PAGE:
Why are petrol and diesel prices spiking if the economy is in recovery?
Indiamainly relies on oil imports, which make up about 80% of its current oil consumption
- Rising oil prices also have a bearing on the Indian Rupee which reached a record low earlier this week
- India has a stated ambition of reducing its dependence on oil
On Tuesday, prices of petrol had risen for tenth day straight and as of Tuesday morning petrol cost ₹79.31 ($1.11) per litre in
Rising crude prices and falling rupee
India mainly relies on oil imports, which make up about 80% of its current oil consumption. Global crude oil prices have been on the uptick in recent weeks because of a supply shortage in Venezuela and rising demand elsewhere. Crude oil prices rose by $7 a barrel in just the last couple of weeks. Crude oil prices had been relatively stable earlier this year.
Meanwhile, the rupee has been in free fall in part because of the global oil prices and recent economic crisis in Turkey. On Wednesday, rupee posted a record low of ₹71 against the dollar. The value of Indian rupee has slipped by 10% since the beginning of the year because of fears of India’s increasing trade deficit and rising global oil prices. A weak rupee also makes it more expensive to import goods and commodities priced in US dollars.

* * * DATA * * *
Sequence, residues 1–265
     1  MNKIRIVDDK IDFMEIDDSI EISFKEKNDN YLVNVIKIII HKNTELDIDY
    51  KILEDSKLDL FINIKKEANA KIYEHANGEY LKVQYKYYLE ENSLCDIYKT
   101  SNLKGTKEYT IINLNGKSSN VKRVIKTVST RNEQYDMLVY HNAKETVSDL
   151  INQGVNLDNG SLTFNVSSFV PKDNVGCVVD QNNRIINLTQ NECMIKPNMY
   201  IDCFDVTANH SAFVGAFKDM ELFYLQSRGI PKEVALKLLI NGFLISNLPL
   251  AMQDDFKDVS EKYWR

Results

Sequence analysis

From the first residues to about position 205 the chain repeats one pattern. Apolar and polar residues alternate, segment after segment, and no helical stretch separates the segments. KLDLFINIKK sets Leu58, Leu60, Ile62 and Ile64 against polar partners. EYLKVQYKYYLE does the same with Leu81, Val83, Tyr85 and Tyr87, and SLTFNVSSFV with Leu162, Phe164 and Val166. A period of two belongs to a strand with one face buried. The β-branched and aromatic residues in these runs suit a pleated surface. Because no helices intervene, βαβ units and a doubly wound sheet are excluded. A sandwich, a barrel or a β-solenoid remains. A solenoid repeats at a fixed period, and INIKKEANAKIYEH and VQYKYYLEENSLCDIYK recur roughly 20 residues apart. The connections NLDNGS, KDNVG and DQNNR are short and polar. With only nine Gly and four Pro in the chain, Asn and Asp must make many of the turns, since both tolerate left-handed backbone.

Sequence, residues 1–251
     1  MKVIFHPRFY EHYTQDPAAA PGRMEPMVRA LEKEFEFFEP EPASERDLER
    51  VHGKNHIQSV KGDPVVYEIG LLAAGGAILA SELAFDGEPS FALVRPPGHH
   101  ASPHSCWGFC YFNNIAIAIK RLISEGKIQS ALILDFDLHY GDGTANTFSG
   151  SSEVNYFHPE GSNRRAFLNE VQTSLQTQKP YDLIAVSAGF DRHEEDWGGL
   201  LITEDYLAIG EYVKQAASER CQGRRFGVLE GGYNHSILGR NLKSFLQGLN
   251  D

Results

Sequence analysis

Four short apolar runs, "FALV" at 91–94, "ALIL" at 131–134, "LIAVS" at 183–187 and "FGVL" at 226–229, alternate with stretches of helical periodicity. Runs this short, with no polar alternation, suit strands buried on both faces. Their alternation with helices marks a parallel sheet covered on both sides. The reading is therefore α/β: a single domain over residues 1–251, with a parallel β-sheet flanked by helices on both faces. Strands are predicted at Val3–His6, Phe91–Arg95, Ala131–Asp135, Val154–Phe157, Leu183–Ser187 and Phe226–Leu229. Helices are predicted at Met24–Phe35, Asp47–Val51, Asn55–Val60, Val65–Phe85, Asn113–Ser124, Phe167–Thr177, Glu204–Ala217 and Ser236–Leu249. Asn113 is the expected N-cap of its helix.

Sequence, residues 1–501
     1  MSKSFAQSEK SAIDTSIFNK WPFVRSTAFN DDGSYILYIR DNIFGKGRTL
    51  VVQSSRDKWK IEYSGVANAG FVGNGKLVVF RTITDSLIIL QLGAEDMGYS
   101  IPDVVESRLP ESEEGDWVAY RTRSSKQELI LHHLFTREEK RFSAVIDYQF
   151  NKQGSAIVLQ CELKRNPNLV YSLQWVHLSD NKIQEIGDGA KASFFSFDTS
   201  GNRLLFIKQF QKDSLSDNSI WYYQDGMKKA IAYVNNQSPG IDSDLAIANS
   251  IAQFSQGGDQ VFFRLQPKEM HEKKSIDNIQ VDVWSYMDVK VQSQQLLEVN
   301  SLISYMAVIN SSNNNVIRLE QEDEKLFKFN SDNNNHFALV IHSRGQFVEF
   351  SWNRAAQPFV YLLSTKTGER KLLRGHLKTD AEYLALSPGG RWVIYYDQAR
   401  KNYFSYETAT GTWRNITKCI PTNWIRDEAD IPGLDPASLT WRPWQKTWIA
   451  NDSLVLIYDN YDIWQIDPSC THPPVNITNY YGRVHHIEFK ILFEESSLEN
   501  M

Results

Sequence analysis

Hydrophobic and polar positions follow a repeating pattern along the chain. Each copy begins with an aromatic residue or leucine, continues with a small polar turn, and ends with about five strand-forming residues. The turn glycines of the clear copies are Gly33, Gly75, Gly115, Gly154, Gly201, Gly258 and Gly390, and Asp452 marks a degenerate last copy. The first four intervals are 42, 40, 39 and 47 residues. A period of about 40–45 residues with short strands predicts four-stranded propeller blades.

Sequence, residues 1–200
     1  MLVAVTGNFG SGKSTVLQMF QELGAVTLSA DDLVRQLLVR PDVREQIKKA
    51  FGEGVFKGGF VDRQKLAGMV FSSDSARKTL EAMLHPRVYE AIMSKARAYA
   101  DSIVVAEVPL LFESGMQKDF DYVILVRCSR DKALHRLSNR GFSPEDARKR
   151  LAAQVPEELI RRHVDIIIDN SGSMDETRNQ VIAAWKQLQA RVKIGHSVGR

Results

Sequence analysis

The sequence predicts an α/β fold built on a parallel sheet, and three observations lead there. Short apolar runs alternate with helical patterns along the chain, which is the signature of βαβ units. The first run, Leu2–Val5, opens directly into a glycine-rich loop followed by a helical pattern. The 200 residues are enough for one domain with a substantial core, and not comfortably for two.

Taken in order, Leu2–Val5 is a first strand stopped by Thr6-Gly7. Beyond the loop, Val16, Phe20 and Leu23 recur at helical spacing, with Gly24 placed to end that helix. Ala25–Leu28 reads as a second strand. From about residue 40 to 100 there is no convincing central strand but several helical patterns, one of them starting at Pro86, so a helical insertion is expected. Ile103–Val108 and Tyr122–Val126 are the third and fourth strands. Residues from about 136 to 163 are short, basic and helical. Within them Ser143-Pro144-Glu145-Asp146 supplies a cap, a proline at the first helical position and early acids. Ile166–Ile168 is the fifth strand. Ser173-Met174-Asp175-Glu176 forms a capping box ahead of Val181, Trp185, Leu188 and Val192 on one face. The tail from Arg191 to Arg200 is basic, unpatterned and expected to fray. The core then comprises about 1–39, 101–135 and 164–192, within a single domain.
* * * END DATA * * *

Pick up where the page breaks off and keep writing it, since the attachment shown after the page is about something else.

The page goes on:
Last year, India shifted to the practice of revising fuel prices on a daily basis from an earlier practice of reviewing twice a month. The former was enacted by
What about alternative fuels?
India has a stated ambition of reducing its dependence on oil with the government aiming to have 30% of cars running on electricity by 2030.
Biofuels derived from vegetable sources is another potential alternative however the supply currently lags because of limited availability of raw materials.
The Indian government has also been pushing for the adoption of biofuels for many years and in 2003 set the target of blending petrol and diesel with 10% of ethanol sourced from